I cross Hanover and make a left onto Prince, where I spot an elderly woman in a straw hat wrapped with a red ribbon, walking slowly along the sidewalk with a friend. A few people pause to say hello. My reporter’s instincts tell me that she is Someone.
I am right.
She is Nancy Caruso, “the mayor of the North End,” her walking companion informs me, and a former professor at Northeastern University. Caruso was instrumental in neighborhood preservation during the Big Dig era, serving as a co-chair of the North End Central Artery Advisory Committee.
“She took the North End by storm,” says her friend, who refuses to be named.
Caruso grins and looks up at me from under her wide-brimmed hat.
“Just try to stop a Sicilian,” she says.
I want to learn more about Caruso’s history, but I also want to know where to eat.
Theo’s Cozy Corner, she replies. In fact, she’s going there later.
You probably won’t find Theo’s in a guidebook or on an algorithm-generated top-10 list. From the outside, it looks like the kind of place one might get thrown out of after too many beers too late at night. Don’t be deceived.
The cheerful Brazilian-Italian hideaway serves breakfast and lunch to fellows in paint-stained jeans. There are traditional breakfast items, spaghetti and various parmesans. Flip the menu for a list of Brazilian specialties. Caruso plans to order the muqueca, Brazilian tilapia stew with rice, for $14.95. It’s nearly a pound of fish, she says. There’s also fried pork chops and onions, steak and eggs, garlic shrimp — all for under $15. Cash only, of course.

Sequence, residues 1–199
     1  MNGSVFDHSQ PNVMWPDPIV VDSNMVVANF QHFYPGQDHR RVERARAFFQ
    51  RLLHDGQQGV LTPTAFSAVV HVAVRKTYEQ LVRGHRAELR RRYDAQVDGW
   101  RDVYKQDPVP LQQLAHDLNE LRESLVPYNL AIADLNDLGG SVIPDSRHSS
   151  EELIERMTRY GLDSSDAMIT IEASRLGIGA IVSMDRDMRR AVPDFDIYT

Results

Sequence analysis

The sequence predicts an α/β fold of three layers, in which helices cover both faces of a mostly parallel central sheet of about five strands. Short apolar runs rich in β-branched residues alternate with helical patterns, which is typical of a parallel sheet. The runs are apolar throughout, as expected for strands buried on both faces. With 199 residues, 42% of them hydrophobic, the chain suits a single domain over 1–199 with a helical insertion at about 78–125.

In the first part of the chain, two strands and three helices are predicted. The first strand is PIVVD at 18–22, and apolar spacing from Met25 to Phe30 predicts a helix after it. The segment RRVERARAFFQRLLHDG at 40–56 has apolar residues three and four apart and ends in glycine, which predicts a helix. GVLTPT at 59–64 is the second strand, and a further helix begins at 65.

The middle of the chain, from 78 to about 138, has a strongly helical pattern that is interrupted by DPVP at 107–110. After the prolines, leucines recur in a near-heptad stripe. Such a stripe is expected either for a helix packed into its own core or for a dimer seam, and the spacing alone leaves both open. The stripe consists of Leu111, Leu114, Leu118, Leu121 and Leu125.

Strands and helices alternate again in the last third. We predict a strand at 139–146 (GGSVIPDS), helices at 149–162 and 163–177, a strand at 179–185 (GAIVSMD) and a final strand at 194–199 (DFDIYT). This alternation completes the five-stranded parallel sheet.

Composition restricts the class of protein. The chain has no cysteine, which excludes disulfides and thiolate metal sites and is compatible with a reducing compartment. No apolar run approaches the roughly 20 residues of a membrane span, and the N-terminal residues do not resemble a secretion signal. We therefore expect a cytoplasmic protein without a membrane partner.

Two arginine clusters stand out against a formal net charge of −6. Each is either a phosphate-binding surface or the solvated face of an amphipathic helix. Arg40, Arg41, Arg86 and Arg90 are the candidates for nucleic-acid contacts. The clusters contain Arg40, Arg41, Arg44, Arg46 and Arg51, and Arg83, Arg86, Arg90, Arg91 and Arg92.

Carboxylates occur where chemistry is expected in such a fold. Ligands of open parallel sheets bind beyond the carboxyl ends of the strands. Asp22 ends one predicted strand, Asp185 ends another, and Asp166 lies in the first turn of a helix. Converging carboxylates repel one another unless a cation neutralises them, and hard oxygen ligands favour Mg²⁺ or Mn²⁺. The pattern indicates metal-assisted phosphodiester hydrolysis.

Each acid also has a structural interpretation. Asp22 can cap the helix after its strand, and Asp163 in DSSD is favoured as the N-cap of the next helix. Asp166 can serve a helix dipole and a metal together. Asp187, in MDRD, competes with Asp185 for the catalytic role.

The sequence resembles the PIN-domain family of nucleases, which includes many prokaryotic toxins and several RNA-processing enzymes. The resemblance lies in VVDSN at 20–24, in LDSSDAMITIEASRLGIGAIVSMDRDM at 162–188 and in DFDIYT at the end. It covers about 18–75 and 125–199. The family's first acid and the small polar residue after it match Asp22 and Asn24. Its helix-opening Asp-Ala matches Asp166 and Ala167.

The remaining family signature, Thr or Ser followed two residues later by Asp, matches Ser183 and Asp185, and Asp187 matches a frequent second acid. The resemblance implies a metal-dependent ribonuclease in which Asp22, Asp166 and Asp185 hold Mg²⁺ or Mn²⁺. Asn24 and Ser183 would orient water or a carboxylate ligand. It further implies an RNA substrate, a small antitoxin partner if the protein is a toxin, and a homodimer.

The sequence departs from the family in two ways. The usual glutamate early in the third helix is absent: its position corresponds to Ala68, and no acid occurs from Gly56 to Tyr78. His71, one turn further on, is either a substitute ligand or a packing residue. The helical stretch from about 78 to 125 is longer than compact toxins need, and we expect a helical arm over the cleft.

At this point, I’m nearly comatose and just want an iced coffee. An unruffled waitress brings it immediately and lets me linger awhile beneath the ceiling fan, inhaling wafts of garlic in the breeze.
162 Salem St., Boston, 617-241-0202. Cash only.
Pizza: Parziale’s Bakery
There is Pizzeria Regina, and Ernesto’s, and Galleria Umberto. But if you just crave a simple Sicilian slice while meandering around town, no lines and no hassle, go to Parziale’s. They sell cookies and breads, such as the one found at Artu, but there are always pans of pizza atop the counter, $1.70 a slice. In fact, Parziale’s lays claim to the first Sicilian slice in Boston, made in 1907.
“You brought pizza to Boston?” I ask the woman at the counter, trying to drum up conversation. I place a couple of dollars on the counter.
“The first Sicilian,” she corrects me. I want to ask her more, but she’s already disappeared back toward the ovens without a word. There’s nobody else in here, just me and my spongy slice — crisp crust, squishy center, cheese burbling up like browned lava.
80 Prince St., Boston, 617-523-6368, www.parzialebakery.com
Provisions: Monica’s Mercato